Relationships between 137Cs and soil organic carbon (SOC) in cultivated and never-cultivated soils: an Australian example

Martinez, C., Hancock, G. R. and Kalma, J. D. (2010) Relationships between 137Cs and soil organic carbon (SOC) in cultivated and never-cultivated soils: an Australian example. Geoderma, 158 3-4: 137-147. doi:10.1016/j.geoderma.2010.04.019


Author Martinez, C.
Hancock, G. R.
Kalma, J. D.
Title Relationships between 137Cs and soil organic carbon (SOC) in cultivated and never-cultivated soils: an Australian example
Formatted title
Relationships between 137Cs and soil organic carbon (SOC) in cultivated and never-cultivated soils: an Australian example
Journal name Geoderma   Check publisher's open access policy
ISSN 0016-7061
1872-6259
Publication date 2010-09-15
Sub-type Article (original research)
DOI 10.1016/j.geoderma.2010.04.019
Open Access Status Not yet assessed
Volume 158
Issue 3-4
Start page 137
End page 147
Total pages 11
Place of publication Amsterdam, Netherlands
Publisher Elsevier BV
Language eng
Formatted abstract
The relationship between soil redistribution processes (i.e. soil erosion and deposition), using the caesium-137 (137Cs) method, and the movement, storage and loss of soil organic carbon (SOC) are examined for a small catchment in south-eastern Australia. While recent studies have found strong and statistically significant relationships between 137Cs and SOC within heavily cultivated (i.e. highly disturbed) landscapes, there has been a dearth of studies in uncultivated conditions. The site used in this study is characterized by different land use histories and soil types and therefore offers a unique opportunity to investigate the relationship between 137Cs and SOC for both cultivated and uncultivated conditions. Depth distribution profiles and hillslope transects were sampled for 137Cs and SOC to examine the relationship between the redistribution of soil particles and SOC at the point and hillslope scale. It was noted that the distribution of 137Cs and SOC with depth in the soil profile differs among land use and soil types. The relationship between 137Cs and SOC was also investigated, with results indicating that there was no relationship between 137Cs and SOC for uncultivated hillslopes. In contrast, strong and statistically significant relationships were found for the previously cropped transects. The lack of a relationship within uncultivated hillslope areas in the current study appears to indicate that SOC and 137Cs are not moving along the same physical pathways or by the same mechanisms, rather it is suggested that the spatial distribution of SOC is a result of biological factors (e.g. biological oxidation, mineralization). The results of this study suggest that the use of 137Cs data to predict SOC redistribution patterns in grazing, largely undisturbed landscapes is problematic. Caution is thus required before using 137Cs to predict the spatial distribution of SOC within uncultivated landscapes in this region of Australia, and within similar dry climatic regions.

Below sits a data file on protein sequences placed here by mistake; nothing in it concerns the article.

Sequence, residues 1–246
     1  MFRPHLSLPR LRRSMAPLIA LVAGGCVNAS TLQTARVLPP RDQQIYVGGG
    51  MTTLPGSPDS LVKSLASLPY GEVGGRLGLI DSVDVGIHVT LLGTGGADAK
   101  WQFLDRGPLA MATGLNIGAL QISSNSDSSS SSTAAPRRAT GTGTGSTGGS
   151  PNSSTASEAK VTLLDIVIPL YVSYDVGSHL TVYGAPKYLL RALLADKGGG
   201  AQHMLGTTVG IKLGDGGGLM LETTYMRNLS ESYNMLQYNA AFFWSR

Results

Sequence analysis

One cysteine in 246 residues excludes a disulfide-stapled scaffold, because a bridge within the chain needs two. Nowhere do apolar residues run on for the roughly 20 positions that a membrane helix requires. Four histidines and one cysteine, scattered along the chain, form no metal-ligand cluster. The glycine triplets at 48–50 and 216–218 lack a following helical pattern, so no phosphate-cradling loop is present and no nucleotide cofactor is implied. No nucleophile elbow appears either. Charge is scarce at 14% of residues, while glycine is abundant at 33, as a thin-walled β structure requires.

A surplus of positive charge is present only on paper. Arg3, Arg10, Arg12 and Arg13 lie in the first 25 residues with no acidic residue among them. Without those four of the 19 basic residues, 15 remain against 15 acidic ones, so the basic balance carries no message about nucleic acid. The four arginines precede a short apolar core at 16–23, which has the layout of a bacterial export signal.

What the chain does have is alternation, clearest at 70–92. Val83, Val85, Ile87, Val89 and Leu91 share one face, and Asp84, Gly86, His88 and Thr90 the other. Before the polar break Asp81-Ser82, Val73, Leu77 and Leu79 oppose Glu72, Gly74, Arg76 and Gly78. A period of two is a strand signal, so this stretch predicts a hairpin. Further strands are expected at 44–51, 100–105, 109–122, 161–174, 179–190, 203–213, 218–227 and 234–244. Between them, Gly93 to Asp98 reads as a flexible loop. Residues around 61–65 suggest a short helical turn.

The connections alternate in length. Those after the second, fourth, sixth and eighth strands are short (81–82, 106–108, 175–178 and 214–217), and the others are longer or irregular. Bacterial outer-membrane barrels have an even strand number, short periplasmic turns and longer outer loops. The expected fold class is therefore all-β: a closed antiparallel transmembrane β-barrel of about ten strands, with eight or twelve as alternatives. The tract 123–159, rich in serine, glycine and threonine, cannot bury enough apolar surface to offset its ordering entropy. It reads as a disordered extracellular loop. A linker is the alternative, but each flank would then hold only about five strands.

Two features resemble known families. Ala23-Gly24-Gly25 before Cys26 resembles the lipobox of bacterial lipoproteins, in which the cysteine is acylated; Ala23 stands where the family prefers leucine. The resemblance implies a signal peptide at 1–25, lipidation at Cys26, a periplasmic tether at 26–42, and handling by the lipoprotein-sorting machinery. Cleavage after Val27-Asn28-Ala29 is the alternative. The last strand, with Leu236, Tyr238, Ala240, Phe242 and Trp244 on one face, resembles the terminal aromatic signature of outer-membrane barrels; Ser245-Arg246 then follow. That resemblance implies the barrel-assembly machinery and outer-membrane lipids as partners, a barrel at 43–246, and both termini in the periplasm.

Keyword Caesium-137 (137Cs)
Soil erosion
Soil organic carbon (SOC)
Q-Index Code C1
Q-Index Status Provisional Code
Institutional Status Non-UQ

Document type: Journal Article
Sub-type: Article (original research)
Collection: School of Agriculture and Food Sciences
 
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